I began the PhD program at Pitt after earning a BA in English and a PA English (grades 7-12) teaching certificate at Saint Vincent College, Latrobe in the Spring of 2011. During my year off, I was a substitute teacher and a daycare school-age teacher. In addition to my love for teaching, I am greatly interested in nineteenth century American Literature, specifically women’s sentimental novels and domestic fiction and children’s literature. At Pitt, I hope to further explore and connect womanhood and the girlhood of nineteenth-century America, especially in regards to education, through women’s writing and children’s books for girls.
I came to Pitt after earning my MA in Shakespeare Studies from King’s College London and my BA in English and Writing from Ithaca College. My research is grounded in early modern drama and women’s writing. I am particularly interested in cosmetics, space, and how the body “performs” morality.
I began the Literature PhD program at Pitt in 2013 after completing my MA at Texas A&M University. My research focuses broadly on children and childhood in the American nineteenth century. My current research focuses on visual portrayals of children and race in children's periodicals during and after the Civil War. I am also interested in child readers, child writers, and the American tomboy tradition.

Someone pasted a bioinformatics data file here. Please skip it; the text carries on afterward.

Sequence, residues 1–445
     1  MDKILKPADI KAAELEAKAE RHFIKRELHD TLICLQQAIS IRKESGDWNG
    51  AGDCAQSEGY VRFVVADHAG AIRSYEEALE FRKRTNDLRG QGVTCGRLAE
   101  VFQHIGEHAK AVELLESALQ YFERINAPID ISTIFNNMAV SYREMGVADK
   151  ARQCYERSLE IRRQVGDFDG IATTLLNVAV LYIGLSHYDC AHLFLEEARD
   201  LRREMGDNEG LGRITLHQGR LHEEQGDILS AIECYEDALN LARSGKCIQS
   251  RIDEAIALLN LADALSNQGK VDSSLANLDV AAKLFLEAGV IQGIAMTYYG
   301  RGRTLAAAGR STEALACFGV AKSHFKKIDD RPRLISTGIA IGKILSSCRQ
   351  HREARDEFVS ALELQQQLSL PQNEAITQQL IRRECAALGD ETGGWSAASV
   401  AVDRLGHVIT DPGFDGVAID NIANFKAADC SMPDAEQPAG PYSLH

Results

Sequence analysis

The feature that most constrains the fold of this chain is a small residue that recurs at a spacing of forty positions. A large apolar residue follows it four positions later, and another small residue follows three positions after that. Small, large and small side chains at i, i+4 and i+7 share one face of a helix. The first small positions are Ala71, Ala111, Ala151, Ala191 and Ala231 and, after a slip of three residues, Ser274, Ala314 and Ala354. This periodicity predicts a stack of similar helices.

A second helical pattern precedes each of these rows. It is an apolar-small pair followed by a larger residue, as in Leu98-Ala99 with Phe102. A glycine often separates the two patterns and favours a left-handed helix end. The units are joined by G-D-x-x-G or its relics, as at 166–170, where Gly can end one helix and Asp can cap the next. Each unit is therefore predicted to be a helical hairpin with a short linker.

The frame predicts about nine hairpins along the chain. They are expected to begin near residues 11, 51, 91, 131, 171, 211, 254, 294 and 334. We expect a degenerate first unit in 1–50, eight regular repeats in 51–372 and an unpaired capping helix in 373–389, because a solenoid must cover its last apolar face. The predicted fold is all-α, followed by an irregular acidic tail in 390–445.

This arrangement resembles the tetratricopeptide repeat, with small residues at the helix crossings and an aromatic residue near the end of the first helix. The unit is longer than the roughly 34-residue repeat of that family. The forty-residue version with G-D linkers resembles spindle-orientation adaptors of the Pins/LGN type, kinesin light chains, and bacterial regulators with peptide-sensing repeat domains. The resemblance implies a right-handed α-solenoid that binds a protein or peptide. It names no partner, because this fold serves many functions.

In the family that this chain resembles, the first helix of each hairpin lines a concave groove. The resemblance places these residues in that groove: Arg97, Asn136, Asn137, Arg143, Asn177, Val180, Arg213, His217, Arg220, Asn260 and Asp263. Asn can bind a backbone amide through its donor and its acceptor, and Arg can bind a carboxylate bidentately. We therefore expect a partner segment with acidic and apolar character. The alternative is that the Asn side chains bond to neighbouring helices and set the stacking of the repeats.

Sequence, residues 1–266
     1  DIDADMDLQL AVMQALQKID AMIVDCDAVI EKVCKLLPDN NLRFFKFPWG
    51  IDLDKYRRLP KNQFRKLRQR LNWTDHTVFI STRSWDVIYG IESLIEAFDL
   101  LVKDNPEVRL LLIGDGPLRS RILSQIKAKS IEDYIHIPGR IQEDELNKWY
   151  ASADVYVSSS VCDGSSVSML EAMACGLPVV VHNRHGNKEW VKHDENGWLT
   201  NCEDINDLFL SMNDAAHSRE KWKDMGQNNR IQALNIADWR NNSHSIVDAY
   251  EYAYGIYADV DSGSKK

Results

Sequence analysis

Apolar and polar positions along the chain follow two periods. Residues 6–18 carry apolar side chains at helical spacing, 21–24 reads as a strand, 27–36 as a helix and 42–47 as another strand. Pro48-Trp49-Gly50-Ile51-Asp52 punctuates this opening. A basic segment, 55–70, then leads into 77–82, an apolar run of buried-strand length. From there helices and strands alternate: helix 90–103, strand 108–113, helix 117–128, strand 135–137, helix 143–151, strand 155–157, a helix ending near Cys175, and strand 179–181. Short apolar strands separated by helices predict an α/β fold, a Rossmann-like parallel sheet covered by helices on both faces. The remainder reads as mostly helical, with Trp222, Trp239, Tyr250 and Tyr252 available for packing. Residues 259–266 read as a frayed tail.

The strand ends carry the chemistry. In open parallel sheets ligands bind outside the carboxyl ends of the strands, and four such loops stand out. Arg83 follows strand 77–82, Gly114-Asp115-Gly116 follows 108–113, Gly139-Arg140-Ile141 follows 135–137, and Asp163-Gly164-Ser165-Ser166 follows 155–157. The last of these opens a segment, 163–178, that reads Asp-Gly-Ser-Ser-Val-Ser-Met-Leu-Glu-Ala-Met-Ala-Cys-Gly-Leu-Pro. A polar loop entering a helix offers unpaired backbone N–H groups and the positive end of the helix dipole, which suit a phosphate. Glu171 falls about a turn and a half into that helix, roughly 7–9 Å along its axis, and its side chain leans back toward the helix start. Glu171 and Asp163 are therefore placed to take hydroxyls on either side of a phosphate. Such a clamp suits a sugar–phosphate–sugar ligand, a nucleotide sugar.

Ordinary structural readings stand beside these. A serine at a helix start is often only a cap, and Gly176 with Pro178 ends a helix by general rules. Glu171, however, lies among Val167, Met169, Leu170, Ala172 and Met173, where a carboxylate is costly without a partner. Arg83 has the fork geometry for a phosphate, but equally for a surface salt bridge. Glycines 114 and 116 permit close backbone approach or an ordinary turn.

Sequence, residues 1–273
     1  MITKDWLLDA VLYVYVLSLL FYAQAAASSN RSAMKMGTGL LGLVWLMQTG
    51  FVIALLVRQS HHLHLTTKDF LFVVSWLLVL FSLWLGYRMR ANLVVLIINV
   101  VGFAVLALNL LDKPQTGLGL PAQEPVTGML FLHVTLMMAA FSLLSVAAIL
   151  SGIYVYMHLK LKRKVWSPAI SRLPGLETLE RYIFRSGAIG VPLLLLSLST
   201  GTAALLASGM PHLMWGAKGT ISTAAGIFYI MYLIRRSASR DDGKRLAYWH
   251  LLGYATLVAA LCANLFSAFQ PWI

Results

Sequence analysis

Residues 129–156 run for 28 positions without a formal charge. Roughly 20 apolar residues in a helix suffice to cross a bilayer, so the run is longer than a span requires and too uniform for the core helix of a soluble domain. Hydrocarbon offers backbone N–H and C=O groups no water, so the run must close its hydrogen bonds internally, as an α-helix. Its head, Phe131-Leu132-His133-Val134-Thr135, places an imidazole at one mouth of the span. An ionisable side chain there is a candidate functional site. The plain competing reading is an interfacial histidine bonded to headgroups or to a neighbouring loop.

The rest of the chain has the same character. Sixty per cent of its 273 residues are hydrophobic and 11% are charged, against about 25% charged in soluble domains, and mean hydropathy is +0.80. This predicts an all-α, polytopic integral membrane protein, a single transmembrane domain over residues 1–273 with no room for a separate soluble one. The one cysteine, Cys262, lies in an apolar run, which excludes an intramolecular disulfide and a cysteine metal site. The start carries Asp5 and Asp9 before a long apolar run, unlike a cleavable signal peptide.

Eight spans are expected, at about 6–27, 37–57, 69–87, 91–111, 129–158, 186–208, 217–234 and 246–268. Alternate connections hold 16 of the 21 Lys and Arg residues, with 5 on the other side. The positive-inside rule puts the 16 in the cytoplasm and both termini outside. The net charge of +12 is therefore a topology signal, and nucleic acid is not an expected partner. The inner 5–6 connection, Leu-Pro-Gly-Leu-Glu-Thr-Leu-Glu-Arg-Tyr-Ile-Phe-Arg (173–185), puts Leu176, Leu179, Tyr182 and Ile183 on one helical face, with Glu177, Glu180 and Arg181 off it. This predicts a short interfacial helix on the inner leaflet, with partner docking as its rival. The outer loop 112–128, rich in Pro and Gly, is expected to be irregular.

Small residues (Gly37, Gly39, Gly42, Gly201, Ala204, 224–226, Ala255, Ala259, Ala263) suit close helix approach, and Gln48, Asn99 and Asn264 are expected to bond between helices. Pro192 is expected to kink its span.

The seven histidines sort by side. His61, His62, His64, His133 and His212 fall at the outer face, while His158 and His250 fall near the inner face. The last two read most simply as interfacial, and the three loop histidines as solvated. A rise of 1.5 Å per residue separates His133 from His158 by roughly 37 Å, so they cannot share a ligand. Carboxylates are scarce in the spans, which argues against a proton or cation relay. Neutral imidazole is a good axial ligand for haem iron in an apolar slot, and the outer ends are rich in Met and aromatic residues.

Gabrielle Ralambo-Rajerison is specializing in the contemporary visual cultures of Africa and its diaspora. Her research interests include global theories of Blackness, aesthetic confrontations with antiblack violence, and sensuousness in criticism. She is a 2018-2019 Carol Kay Dissertation Fellow and in Spring 2017 was an Artist-in-Residency in the University of Pittsburgh’s Department of Physics and Astronomy.
Before beginning my PhD at Pitt in 2018, I earned an MFA in Creative Writing from the University of North Carolina Wilmington in 2018 and a BA in English from Franklin & Marshall College in 2014. Both my creative work and academic research focuses most often on contemporary, sometimes hyper-contemporary, poetry and its relationship to sound, place, mass media, oral history, and cultural literacy. My work is often interdisciplinary and seeks to maintain an ethnographic, real-life applicable approach to literary studies.